Everything is #relatable these days.
In many ways, the idea of being “relatable” is great for our society. Relatability validates our experiences, and it comforts us. It gives the individual a connection with the vast, confusing world.
It’s not like the simplification of the human experience is anything new. It’s really a concept as old as mankind. Thousands of years ago, ancient Greeks created stories about humanoid gods to explain natural phenomena — their gods fell in love, felt greed and sought vengeance the same way humans do.
But throughout history, we never quite leaned into the idea of relating with things as much as we did when virality became an important aspect of internet traffic.
All media needs virality in order to profit, which requires the retained interest of a mass audience. The media that we consume capitalizes on relatability by creating easy-to-consume content that will catch the most users’ attention.
The media throws around the word “relatable” a lot these days. If a public figure does something innately human, we call them relatable.
If a joke or meme hits home with us, we call that relatable too. “Relatable” has become the easy default. We apply it to everything to add meaning. We seek relatable topics as a surefire way to fit in, and it’s become my new fill-in word to avoid awkward silences. Ha ha, very relatable for me to say.
But we can’t just put the word “relatable” on everything, and we especially can’t on mental health, which happens frequently.
It’s a double-edged sword. On one hand, it destigmatizes a long-stigmatized issue. On the other, we’re carelessly creating an atmosphere that normalizes poor sleep schedules or poor coping mechanisms, such as overeating.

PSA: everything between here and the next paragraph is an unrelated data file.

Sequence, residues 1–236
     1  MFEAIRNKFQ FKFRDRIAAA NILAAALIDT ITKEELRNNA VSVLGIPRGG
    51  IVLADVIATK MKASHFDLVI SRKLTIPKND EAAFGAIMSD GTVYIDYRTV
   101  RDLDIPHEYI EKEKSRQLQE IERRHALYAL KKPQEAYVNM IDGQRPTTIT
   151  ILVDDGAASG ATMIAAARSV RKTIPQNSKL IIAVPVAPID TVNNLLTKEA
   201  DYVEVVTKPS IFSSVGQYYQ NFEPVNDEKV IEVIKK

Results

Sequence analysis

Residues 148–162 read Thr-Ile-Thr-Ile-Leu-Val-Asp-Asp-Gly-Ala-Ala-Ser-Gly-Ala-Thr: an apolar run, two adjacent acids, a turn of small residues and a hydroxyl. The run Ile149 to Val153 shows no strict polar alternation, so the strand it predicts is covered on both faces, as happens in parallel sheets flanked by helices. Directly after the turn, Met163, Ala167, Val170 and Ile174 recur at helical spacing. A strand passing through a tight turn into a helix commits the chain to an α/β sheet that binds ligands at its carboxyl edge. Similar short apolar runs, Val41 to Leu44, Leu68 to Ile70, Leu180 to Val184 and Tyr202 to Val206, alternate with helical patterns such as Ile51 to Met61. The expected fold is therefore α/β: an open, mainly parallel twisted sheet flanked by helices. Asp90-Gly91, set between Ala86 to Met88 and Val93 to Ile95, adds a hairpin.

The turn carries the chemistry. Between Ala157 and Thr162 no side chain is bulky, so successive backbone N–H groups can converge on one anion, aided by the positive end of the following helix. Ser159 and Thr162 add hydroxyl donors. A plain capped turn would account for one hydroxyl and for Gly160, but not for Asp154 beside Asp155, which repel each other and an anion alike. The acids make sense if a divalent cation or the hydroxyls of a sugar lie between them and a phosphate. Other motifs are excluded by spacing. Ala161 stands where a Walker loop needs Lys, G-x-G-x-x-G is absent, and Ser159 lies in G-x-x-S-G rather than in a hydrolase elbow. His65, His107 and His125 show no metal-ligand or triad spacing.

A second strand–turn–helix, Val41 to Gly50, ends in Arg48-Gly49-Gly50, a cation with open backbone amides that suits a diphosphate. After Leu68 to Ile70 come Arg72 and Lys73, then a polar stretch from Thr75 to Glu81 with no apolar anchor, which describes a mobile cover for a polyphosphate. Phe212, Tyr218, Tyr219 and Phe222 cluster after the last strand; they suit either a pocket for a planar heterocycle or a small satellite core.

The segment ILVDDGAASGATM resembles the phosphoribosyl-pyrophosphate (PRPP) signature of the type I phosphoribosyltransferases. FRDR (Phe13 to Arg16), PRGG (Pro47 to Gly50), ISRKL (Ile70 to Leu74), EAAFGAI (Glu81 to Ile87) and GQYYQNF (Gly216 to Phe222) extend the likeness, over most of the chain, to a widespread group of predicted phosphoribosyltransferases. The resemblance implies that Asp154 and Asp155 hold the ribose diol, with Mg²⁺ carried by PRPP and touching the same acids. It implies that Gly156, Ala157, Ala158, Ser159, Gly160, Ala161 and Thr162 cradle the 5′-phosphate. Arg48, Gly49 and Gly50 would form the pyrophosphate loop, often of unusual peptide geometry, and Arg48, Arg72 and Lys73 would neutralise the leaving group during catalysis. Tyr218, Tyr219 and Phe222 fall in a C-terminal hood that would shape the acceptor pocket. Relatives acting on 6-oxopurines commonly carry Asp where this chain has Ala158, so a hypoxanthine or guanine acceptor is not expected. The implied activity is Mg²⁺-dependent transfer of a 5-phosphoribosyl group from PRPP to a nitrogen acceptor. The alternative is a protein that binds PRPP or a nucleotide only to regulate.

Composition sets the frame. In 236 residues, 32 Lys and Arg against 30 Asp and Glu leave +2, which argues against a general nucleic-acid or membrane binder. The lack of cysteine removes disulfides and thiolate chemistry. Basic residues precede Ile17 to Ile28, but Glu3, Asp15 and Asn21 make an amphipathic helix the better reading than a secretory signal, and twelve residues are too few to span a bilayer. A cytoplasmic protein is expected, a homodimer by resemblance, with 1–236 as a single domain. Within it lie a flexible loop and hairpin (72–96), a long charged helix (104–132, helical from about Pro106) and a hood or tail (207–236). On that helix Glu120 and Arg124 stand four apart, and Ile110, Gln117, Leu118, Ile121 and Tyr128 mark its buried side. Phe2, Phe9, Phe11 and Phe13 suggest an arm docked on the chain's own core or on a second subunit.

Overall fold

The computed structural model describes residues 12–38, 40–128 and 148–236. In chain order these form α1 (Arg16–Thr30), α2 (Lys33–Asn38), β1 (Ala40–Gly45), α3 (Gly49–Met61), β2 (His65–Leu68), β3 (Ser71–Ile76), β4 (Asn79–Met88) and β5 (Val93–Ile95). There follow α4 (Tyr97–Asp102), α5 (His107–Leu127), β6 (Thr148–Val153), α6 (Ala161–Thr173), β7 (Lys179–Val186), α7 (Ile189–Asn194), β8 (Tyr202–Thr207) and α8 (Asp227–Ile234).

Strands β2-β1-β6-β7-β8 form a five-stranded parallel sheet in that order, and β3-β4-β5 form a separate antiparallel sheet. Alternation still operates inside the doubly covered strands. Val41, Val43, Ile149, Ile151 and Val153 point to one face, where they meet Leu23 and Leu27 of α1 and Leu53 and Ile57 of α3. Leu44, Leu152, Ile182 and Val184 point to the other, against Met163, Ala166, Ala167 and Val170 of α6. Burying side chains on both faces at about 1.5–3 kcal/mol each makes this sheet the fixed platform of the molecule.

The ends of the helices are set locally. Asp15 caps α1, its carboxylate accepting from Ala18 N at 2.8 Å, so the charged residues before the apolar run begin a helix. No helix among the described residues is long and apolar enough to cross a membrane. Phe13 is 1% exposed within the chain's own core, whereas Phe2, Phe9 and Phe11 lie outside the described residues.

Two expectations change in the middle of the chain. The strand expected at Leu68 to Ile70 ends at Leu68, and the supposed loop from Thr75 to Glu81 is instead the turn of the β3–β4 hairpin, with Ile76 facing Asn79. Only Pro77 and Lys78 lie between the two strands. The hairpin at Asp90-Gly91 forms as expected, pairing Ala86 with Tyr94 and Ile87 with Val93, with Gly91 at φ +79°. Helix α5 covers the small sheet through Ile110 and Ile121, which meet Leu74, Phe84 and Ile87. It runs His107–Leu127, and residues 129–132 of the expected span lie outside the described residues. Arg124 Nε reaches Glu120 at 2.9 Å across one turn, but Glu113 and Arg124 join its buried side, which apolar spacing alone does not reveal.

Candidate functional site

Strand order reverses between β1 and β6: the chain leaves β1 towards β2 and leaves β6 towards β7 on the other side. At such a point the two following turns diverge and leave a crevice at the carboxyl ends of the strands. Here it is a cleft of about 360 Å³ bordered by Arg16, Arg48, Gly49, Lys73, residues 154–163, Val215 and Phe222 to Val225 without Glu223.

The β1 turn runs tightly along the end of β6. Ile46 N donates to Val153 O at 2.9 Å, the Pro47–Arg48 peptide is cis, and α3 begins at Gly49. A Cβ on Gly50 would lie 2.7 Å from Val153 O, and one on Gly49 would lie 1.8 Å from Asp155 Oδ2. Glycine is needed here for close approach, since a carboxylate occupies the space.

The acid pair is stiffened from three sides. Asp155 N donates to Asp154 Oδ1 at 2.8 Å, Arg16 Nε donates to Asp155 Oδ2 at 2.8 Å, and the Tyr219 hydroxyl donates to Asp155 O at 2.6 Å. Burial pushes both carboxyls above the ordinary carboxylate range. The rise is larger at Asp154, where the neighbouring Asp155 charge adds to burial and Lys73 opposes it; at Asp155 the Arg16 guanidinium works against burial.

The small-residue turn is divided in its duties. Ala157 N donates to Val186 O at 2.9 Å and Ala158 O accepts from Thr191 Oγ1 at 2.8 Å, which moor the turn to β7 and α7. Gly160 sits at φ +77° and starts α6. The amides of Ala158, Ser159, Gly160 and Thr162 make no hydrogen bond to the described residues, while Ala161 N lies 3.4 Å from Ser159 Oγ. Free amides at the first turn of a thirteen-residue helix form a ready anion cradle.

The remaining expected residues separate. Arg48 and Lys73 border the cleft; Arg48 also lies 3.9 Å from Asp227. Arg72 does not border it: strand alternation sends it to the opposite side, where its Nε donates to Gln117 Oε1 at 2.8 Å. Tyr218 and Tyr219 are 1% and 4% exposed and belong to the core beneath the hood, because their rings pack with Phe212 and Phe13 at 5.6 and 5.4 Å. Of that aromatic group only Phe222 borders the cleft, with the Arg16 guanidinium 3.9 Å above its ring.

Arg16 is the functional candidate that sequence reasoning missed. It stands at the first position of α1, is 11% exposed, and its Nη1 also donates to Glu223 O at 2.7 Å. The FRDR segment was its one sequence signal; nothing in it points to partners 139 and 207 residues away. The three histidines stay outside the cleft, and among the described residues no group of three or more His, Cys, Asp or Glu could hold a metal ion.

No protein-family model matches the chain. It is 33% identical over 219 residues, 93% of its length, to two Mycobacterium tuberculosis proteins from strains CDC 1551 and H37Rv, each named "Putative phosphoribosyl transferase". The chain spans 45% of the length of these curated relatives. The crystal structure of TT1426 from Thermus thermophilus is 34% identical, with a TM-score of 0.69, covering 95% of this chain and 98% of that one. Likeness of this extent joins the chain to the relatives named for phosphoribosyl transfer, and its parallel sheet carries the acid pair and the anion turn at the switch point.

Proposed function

A well-known consequence of this was when Netflix created the show “13 Reasons Why” in an effort to encourage relatability and empathy for its viewers regarding depression. Instead, it ignored several of the National Recommendations for Depicting Suicide, and was associated with a 28.9 percent increase in suicide rates among adolescents 10-17 for a month after its release, according to a National Institute of Health-supported study.
We seek relatability so much that it’s becoming a cheapened way to understand complex ideas. We cannot continue to fall back on relatability as a go-to just because it’s familiar in today’s pop culture.
This goes for media and individuals alike.
There’s no doubt that we can relate to one another. It should be a given after the international pandemic that we all collectively experienced: the slow descent into insanity, counting individual kitchen tiles, suffering from social isolation and stressing about the state of the world.
It’s just a little too familiar, if you ask me. I need some space.
I feel exhausted from the constant push for relatability — I feel forced into the cookie-cutter ideal, as if any other version of a human being would be too out of touch, clean-cut and obscure.
Our efforts to encourage relatability are always centered around embracing our faults, our errors and our imperfections so we can be more happy with ourselves. But the “we are all the same” mentality pressures us to abide by that ideal to not feel ostracized.
Our experiences mean more than just commonplace ordeals that everyone shares.
Relatability has become overrated. Our similarities — especially the unhealthy ones — aren’t always worth celebrating, yet we do so anyway because we’re used to it.
We must escape the familiarity of being relatable. We deserve to celebrate our differences and even our strengths, which we often don’t dwell on when we use the word “relatable.”
So can we bring our individuality back and explore our own self-expression?
As we collectively exit this pandemic, I hope we can recognize that relatability has become a shallow concept. I’m excited for the in-person conversations I will have, when hopefully we will show more of our individual personalities and opinions than what Buzzfeed listicles have taught us to show.